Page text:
Classification: Adrenal cytotoxic agent
About: Mitotane (Lysodren®)
This medication has toxic effects on a certain part of adrenal cortical cells, causing these cells to die. This also decreases the production of cortisol and alters metabolism of steroids. You may need to take a steroid (such as hydrocortisone) by mouth to make up for this loss. Your oncology team will monitor you for this side effect. The exact mechanism of action is unknown.
How to Take Mitotane
Mitotane comes as a tablet to take by mouth. It is usually taken three to four times a day. Take mitotane at around the same times every day. The pill should be swallowed whole with a glass of water. Do not crush, chew or break. Mitotane should be taken with meals containing fat-rich foods such as milk, chocolate, and oil.
Your care provider will determine your dose, which may change based on the levels in your blood and the side effects you may have. If you miss a dose, take the next dose as scheduled. Do not take two doses to make up for a missed dose. You may be need to take a steroid while you are taking mitotane.
If you are involved in any type of severe trauma or experience shock while taking mitotane, the medication will need to be stopped. Your body will not respond as it should because of the effect of mitotane on your adrenal glands. Steroids will be given until your adrenal gland works normally again.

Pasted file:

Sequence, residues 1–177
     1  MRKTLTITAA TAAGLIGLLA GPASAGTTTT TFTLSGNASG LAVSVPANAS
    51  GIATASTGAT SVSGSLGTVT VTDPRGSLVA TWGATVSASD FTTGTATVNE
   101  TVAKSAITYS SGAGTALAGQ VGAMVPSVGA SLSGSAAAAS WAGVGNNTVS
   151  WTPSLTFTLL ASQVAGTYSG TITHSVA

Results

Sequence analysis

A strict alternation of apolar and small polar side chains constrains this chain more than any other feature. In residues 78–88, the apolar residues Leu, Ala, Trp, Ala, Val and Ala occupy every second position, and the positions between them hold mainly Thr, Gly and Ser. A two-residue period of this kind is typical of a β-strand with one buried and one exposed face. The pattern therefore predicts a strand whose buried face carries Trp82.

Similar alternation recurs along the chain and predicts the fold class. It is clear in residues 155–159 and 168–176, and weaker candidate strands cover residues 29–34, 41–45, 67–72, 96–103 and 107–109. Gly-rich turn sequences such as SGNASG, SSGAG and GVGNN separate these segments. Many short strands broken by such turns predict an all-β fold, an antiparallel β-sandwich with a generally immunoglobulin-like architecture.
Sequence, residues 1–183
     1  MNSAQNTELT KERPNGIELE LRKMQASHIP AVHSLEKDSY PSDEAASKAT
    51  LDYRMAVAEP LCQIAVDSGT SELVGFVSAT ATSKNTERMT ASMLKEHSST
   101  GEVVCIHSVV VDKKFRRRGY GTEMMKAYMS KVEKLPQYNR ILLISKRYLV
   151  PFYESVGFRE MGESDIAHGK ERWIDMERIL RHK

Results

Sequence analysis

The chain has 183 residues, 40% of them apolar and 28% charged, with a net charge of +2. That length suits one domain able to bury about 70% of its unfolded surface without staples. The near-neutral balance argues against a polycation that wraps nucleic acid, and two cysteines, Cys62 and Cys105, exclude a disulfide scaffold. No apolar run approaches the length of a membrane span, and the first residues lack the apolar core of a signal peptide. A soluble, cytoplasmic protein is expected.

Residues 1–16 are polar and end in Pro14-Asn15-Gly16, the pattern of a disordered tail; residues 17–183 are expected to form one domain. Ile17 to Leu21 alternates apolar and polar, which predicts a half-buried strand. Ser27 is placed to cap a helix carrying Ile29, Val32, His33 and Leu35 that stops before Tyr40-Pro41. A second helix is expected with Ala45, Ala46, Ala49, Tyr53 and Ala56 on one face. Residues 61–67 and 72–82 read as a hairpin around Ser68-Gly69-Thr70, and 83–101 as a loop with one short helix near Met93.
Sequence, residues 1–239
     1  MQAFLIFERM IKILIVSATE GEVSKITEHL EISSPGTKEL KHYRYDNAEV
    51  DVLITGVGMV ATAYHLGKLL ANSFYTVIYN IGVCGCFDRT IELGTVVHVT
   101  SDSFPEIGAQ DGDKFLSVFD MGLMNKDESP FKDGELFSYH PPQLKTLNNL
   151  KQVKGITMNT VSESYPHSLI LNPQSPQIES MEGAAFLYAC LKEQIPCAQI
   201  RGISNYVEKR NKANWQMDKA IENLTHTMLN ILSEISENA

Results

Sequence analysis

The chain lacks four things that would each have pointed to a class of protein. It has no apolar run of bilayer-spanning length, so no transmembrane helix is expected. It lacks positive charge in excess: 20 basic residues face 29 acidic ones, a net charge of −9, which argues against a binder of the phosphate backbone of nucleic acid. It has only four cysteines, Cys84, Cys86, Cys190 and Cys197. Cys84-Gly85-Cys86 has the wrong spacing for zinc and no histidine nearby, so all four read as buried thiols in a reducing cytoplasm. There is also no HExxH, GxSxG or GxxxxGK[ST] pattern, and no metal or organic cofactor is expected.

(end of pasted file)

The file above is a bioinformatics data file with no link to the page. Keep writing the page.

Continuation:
It is important to make sure you are taking the correct amount of medication every time. Before every dose, check that what you are taking matches what you have been prescribed.
The blood levels of this medication can be affected by certain foods and medications, so they should be avoided. These include: anti-epileptics, rifabutin, rifampicin, griseofulvin, St. John’s wort, sunitinib, spironolactone, itraconzole, nimodipine, ranolazine, rivaroxaban, tofacitinib, aripiprazole, corticosteroids, linagliptin, quetiapine, among others. This medication can affect the level in your blood of warfarin or other anticoagulants that are used to treat and prevent blood clots. Be sure to tell your healthcare provider about all medications and supplements you take.
Storage and Handling
Store your medication in the original, labeled container at room temperature and in a dry location (unless otherwise directed by your healthcare provider or pharmacist). This medication should not be stored in a pillbox. Keep containers out of reach of children and pets.